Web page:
(4a) Represents full acceleration of all outstanding options/SARs granted after 11/8/2015. Outstanding awards granted prior to this date are forfeited in the case of disability.

 

(4b) Represents full acceleration of all outstanding RSUs granted after 11/8/2015. Outstanding awards granted prior to this date are forfeited in the case of disability.

 

(4c) Service obligations would lapse fully for all outstanding PSUs granted after 11/8/2015, but payouts remain subject to actual performance through the end of each award’s applicable performance period, thus awards continue to be subject to risk of forfeiture. $0’s are shown as payouts remain subject to performance post-termination. Assuming target performance is met for all outstanding awards, however, the intrinsic value of each NEO’s accelerated PSU awards would be as follows:

Wilson: $9,651,387

Kennedy: $3,238,242

Bischoping: $0 (no outstanding PSU awards)

Kuo: $2,377,526

 

(5) Excludes value of PSUs earned in September 2017 for FY15-17 performance ($0 for all NEOs).

Compensation of Directors

The compensation of directors is determined by the full Board. Directors who are employees (i.e., Mr. Wilson) receive no compensation for their services as directors. The Compensation Committee periodically initiates a review of the non-employee director compensation (including cash retainer and meeting fees and equity awards) and recommends changes to the full Board. Changes to non-employee director compensation are generally made to ensure that compensation levels are market-competitive and that the compensation structure supports our business objectives, aligns with the directors’ interests with the interests of stockholders, reflects competitive best practice and is cost-and-tax-effective.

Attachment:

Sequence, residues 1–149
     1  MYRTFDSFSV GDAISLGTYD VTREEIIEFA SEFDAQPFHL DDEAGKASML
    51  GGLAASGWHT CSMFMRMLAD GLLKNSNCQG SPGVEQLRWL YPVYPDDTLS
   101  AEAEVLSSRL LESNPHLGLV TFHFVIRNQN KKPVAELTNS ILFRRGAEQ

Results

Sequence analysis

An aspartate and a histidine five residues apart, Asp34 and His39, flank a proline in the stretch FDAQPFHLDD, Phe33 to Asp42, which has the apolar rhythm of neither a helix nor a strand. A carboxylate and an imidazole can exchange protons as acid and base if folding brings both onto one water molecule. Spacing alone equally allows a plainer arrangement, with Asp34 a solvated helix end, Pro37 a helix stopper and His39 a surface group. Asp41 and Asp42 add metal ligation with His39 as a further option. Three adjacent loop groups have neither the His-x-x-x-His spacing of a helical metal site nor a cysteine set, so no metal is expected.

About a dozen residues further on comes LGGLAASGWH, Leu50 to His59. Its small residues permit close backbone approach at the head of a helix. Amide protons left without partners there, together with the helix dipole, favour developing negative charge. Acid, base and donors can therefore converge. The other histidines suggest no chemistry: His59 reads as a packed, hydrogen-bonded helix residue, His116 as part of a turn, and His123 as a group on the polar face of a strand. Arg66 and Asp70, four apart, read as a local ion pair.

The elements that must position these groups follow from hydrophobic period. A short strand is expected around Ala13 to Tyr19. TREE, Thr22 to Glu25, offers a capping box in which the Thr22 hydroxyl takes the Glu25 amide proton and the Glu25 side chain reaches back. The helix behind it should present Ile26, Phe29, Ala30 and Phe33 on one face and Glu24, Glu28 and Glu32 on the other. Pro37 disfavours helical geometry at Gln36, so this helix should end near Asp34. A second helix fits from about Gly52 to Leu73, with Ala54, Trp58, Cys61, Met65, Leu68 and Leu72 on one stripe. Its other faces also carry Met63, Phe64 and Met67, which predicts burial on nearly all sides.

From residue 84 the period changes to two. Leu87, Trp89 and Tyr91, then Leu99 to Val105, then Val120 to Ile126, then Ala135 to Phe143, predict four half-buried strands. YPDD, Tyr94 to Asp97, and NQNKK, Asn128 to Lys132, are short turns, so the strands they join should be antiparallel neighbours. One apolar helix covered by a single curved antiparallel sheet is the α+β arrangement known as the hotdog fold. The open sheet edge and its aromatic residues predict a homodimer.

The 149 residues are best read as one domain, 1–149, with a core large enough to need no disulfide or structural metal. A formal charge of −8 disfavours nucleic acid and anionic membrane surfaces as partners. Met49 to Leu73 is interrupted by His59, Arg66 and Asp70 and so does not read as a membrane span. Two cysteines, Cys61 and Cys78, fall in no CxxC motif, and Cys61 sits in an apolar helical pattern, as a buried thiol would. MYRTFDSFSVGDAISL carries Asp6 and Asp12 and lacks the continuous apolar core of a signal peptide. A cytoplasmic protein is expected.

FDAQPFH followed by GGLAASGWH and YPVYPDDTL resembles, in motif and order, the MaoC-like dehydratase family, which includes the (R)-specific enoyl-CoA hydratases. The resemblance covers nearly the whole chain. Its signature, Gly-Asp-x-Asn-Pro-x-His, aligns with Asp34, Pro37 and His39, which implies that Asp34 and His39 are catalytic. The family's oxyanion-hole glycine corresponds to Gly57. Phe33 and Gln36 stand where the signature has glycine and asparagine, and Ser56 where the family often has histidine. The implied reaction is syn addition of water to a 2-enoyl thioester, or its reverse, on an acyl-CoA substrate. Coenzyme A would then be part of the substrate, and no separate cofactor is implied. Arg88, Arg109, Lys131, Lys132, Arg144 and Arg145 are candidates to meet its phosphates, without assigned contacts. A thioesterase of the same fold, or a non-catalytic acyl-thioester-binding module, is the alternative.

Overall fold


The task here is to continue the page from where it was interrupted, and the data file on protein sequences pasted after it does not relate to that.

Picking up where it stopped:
In fiscal year 2017, there were no changes to our non-employee director compensation program. The fiscal year 2017 program consisted of the following compensation components:

 

    An annual cash retainer to all non-employee directors, but no fees for Board meetings.

 

    An additional annual cash retainer to the Board Chair and committee chairs.

 

    A fee per Committee meeting attended.

 

    Company matching of director contributions to charities and educational institutions.

 

    An annual equity award to all non-employee directors.

 

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The values paid for each compensation program component in fiscal year 2017 are set forth in the following table:

 

  Compensation Element

 

  

Value and Description

 

  Annual Cash Board Retainer

 

  

•  $100,000

 

  Additional Annual Cash Retainers

 

  

•  $150,000 for Non-Executive Board Chair

 

•  $20,000 for Audit Committee Chair

 

•  $15,000 for Compensation & Management Development Committee Chair

 

•  $12,000 for Nominating & Corporate Governance Committee Chair

 

•  $12,000 for Ethics Committee Chair

 

  Committee Meeting Fee

 

  

•  $1,500 for each in-person or telephonic Committee meeting attended

 

•  $750 for each in-person Committee meeting attended by phone

 

  Annual Equity Award

 

  

•  $160,000 in Deferred Stock Units (DSUs)

 

•  Grants vest quarterly over one year from grant

 

•  Vested DSUs distributed at the earlier of three years from grant or at termination